- The Washington Times - Sunday, February 12, 2006

A few good men

Richard Sargeant Hodgson, a former Marine Corps press officer who was posted at ground zero during four major atomic bomb testings, including Bikini Atoll in 1946 and Nevada in 1951, died recently of myelodysplasia, a rare bone-marrow disease linked to excessive radiation.

At Nevada’s 21-kiloton “Operation Buster,” it was the voice of Mr. Hodgson, the radio-television chief at Marine Corps Headquarters, that broadcast the first nuclear field exercise conducted on land involving U.S. troops. Earlier, in the South Pacific, he sailed through contaminated air and water to inspect radioactive test ships.

One of life’s amazing coincidences brought 80-year-old Mr. Hodgson and this columnist together just under a year ago. He traveled to Washington from his 18th-century farmhouse in Chester County, Pa., where he was receiving blood transfusions almost weekly.

Accompanied by his wife of 54 years, Lois, and his daughter, Sue Rolfing, we agreed to meet for brunch. And for reasons that will become apparent, I brought along as my guest MariaOLeary, widow of legendary Washington newspaperman JeremiahA. OLeary, my close friend and colleague, who died in 1993.

I first met Mrs. Rolfing in Montana 26 years ago, interviewing her and her husband, Steve, at the kick-off for the Great Northern Llama Co., America’s oldest llama outfitter and guide service. Today, their 200-acre Great Northern Ranch in the shadow of Glacier National Park supplies llamas and alpacas to the country’s top breeders.

It so happened that for Christmas 2004, Mrs. Rolfing had given her father a copy of my new book, “Inside the Beltway,” its chapters segueing from the wilds of Montana into the hallowed halls of Congress. But it was the chapter recalling the extraordinary career of Mr. O’Leary that caught Mr. Hodgson’s eye.

After all, he couldn’t wait to tell his daughter that the two were Marine buddies during World War II and Korea, including stints as combat correspondents. (Both retired decades later as officers in the Reserves.) As life would have it, one of the last times he’d seen Mr. O’Leary was in 1952 at the Hodgsons’ wedding.

Mr. Hodgson and Mrs. O’Leary never knew each other — that is, until brunch last March 19. He carried to the table a thick folder of wartime memories, including one particular photograph he’d snapped more than a half-century earlier of Mr. O’Leary, clad in his military uniform, flashing his contagious smile. That same photo appears in today’s column.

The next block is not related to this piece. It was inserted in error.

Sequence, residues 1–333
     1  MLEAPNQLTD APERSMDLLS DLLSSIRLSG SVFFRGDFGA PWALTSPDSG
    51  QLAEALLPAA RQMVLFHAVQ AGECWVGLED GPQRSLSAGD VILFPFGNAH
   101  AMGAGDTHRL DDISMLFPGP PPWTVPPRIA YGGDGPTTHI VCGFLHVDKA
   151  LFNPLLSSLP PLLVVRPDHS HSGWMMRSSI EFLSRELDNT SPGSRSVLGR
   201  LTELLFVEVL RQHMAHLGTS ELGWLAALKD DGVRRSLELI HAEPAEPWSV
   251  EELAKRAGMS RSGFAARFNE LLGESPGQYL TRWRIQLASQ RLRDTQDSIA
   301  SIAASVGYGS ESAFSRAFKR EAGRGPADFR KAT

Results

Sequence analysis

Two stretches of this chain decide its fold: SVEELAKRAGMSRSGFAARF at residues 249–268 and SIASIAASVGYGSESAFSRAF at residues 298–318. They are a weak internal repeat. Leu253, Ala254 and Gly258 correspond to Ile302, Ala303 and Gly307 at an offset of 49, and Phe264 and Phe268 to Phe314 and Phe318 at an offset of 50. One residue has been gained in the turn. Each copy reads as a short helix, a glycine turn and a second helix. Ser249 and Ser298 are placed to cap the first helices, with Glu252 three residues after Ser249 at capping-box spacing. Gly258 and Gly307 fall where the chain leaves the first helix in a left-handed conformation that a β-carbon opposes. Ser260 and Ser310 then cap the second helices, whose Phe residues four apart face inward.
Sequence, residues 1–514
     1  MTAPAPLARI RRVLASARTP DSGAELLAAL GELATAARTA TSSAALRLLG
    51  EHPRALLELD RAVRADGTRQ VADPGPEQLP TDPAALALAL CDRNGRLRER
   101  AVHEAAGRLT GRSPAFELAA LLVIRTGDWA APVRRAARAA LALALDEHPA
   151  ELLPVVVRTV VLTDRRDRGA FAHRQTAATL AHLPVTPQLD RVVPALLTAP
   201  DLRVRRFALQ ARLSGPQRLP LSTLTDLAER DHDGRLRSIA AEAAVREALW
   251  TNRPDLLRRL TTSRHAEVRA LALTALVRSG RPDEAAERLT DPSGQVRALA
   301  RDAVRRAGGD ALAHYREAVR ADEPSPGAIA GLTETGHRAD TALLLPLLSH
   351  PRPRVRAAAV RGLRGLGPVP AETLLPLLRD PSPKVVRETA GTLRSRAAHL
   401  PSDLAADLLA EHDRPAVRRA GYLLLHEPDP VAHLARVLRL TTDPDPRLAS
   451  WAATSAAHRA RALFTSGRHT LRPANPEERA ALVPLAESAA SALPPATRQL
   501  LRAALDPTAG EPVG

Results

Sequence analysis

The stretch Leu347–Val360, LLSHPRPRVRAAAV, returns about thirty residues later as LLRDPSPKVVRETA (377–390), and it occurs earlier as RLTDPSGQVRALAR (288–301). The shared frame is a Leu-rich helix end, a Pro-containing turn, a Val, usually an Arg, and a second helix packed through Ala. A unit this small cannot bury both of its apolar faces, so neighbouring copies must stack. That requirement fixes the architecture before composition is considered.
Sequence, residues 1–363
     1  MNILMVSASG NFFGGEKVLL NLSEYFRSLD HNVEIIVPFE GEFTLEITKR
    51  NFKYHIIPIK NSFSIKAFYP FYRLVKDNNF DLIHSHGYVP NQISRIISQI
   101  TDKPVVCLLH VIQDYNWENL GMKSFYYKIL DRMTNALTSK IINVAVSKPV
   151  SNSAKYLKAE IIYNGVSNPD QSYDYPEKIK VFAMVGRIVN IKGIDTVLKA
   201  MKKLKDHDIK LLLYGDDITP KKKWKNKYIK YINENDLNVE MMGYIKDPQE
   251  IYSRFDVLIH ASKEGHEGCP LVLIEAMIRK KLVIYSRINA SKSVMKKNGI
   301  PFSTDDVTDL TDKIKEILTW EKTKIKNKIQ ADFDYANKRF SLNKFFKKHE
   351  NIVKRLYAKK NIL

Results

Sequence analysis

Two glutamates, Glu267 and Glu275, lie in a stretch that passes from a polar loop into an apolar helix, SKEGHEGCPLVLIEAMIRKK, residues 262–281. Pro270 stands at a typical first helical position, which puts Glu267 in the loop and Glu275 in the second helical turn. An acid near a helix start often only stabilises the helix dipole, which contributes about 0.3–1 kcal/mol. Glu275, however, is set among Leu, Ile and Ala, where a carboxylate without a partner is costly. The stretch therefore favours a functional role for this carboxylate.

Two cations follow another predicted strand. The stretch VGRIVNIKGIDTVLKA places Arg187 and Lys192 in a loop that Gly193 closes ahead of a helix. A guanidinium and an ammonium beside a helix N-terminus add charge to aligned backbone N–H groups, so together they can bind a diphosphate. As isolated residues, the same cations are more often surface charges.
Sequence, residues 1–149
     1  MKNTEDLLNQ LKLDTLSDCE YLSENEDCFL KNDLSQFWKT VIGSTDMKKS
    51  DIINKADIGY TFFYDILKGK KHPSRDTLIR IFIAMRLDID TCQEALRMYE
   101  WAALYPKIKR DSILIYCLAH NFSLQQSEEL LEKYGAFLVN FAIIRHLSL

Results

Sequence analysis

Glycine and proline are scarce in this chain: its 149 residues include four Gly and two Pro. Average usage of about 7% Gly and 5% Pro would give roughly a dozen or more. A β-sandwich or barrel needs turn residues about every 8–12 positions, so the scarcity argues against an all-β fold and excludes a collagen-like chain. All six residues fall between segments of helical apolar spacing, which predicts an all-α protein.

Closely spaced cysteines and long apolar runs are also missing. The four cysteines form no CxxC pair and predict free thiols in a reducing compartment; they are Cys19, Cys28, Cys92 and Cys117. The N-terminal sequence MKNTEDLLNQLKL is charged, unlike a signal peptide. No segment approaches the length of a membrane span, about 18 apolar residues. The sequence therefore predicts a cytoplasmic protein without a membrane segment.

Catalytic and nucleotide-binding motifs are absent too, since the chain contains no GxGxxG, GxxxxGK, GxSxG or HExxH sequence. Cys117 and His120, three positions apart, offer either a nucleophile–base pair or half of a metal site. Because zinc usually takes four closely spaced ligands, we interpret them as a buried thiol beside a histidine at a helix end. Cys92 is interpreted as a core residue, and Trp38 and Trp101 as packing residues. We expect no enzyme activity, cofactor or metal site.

Mr. Hodgson greatly impressed his native Minnesota community by becoming district manager of a national publishing company at age 12, rising to become one of the world’s foremost authorities on catalogs and marketing. An author of more than a dozen books, multimedia programs he created are curricula today at more than 200 colleges and universities. His 1,500-page Direct Mail & Mail Order Handbook remains a top reference guide for the industry.

He was once president of American Marketing Services, graphics director of printing giant R.R. Donnelley & Sons, creative director of the Franklin Mint, and, until shortly before his death, the founder and president of the marketing firm Sargeant House.

Hang your head

Comedian Brad Stine has found himself a niche. Not that it took much effort. He is his niche.

“I’m probably one of only two conservative comedians in the country,” he told Inside the Beltway following a Friday night performance at the Omni Shoreham, the crowd including former House Majority Leader Tom DeLay (if anybody in the country was in need of a good laugh, it was the embattled Republican), National Rifle Association President Wayne LaPierre, and ABC newsman Sam Donaldson.

The thrust of the comedian’s routine:

“In the South, there’s none of this politically correct nonsense like, ‘Don’t shoot the animals,’” he says. “These people see a bunny, and they say, ‘Shoot it, eat it and make a hat out of the rest.’”

And never discard an animal’s head: “Hang it on the wall,” he shouts.

“The cool thing about being a comic is you get a pass,” Mr. Stine explained later. “It is accepted by the audience that you are a modern-day jester, so you can say the truth and nobody cuts your head off.”

His thought-provoking “rant,” as he calls it, compares the America he grew up in to today’s, now that the “baby-soft hands” of the politically correct crowd have inflicted “self-esteem” and dangerously “oversanitized” our children.

Take the anti-bacterial wipe used by a soccer mom today to cleanse a skinned knee, and compare it to what his mother used: “A tissue that she spit into.”

“God’s way of healing,” he calls it.

Mr. Stine has a new book to be released next month, “Live From Middle America: Rants From A Red-State Comedian.”

John McCaslin, whose column is nationally syndicated, can be reached at 202/636-3284 or [email protected]

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